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Store owner shoots two armed robbers
They are in the hospital; he's back at work.

Originally ran here as:
Store owner defends shooting men
Friday, March 9, 2001
by Dean Narciso, Police Reporter
The Columbus Dispatch -- "Ohio's Greatest Home Newspaper"

Special Note: We heartily praise both the Dispatch and Mr. Narciso for excellent reporting, indeed.


Of the dozens of customers buying snacks, beer or lottery tickets yesterday morning at the Walford Market, not one criticized Clive Weidle for defending his business the night before with a 9 mm handgun.

"I absolutely support Clive in what he did,'' said Carol Reed, 55, who lives near the store. "Clive will do anything in the world for you. He's the nicest man.''

"My hero!'' another customer shouted as he came into the store at 3981 Walford St., about a half-mile south of Morse Road and west of Cleveland Avenue. "They ain't gonna do this again any time soon.''

The customers praised Weidle for shooting two men who he said had tried to rob him. It was the second such robbery in a week at his Clinton Township business. Both occurred at about 8:30 p.m. on Wednesdays.

"When they walked in this time, I was almost certain it was the same two guys,'' Weidle said. "I felt my life was in danger.''

Police were not releasing details about the shooting or commenting on Weidle's action, saying the investigation was continuing. No one had been charged by yesterday afternoon.

Michael Thomas, 20, was listed in fair condition at Riverside Methodist Hospitals with a gunshot wound to the right arm. Eric Liddell, 23, was shot in the chest and was in fair condition at Grant Medical Center. Neither man could be reached yesterday for comment.

"We're looking at these guys for maybe some other robberies,'' said Chief Deputy Steve Martin of the Franklin County Sheriff's Office.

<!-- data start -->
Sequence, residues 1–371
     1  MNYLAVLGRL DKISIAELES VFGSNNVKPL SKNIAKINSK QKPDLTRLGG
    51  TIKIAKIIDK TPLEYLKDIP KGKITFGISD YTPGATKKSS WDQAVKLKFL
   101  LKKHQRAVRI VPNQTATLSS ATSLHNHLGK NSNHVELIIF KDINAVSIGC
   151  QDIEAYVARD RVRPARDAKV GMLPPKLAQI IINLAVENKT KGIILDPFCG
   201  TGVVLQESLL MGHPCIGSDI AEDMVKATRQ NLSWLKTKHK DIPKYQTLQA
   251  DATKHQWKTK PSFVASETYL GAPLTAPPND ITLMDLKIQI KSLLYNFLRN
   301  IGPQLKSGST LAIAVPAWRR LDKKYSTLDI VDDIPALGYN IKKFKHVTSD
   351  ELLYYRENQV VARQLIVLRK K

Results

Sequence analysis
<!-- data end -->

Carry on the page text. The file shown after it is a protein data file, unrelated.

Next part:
Weidle said two men, one masked and carrying a handgun, stormed into the business Wednesday night and ordered customers and a part- time worker to lie on the floor.

"I have a button right here. I didn't even have the presence to hit it,'' Weidle said of the store's alarm.

He did, however, reach for his gun.

"Why wait for him to shoot when I should shoot?'' Weidle asked, standing behind the counter yesterday near the cash register.

He said he fired several rounds at the men, who turned and fled.

The remains of the confrontation were evident yesterday.

Inside a glass display case hit by one of Weidle's shots, shards of glass sprinkled a selection of ice-cream bars. Another tore into the store's metal front door.

A shattered beer case might have taken a bullet when one of the would-be robbers returned fire, Weidle said.

He said robbery of his store on Feb. 28 was one reason he decided to use his gun Wednesday night. In the earlier robbery, two masked men ambushed Weidle while he was in the store's restroom.

"They had a gun right to my head. What are you going to do?'' he said. Weidle couldn't get to his gun.

"They cleaned me out,'' he said.

Detectives interviewed other robbery victims at other stores yesterday looking for similarities.

The working-class neighborhood has had its share of robberies recently, including a fatal shooting at another convenience store, officials said.

On Dec. 7, Abdul Hemeed, a Pakistani immigrant, was killed during a holdup at the Convenient Store Plus, 4197 Cleveland Ave., just a few blocks from Walford Market. Hemeed was not a store employee but was helping a clerk stock shelves.

Walford Market was the scene of a fatal shooting Aug. 14, 1995, when clerk Patricia Collins was killed during a robbery. Gabriel Artis Jr. is serving a 17- to 50-year sentence and Rico Cooper a life term for their roles in the robbery-murder.

Although he acknowledges the risk involved in running the store, Weidle has no plans to quit.

"You try to do an honest job, 70-80 hours a week, six days a week, and then this happens,'' he said. "This is America. What are you gonna do?''

Weidle, 40, moved his wife and three children from Calcutta, India, six years ago to escape the poverty of his homeland and to sample American capitalism.

Prosperity and a growing family drew him to Columbus.

"I like the job. This is all I know,'' he said.

Dan Couts, one of his vendors, attributed Weidle's success at the market to his competitive pricing and, more so, his customer service.

"From a profit standpoint, the business has probably increased tenfold since he's taken it over,'' said Couts, who was arranging a cigarette display.

Now Weidle's on edge whenever someone comes in the door.

"It's always like I'm tense. Who's walking in the door, what are they going to do?'' he said.

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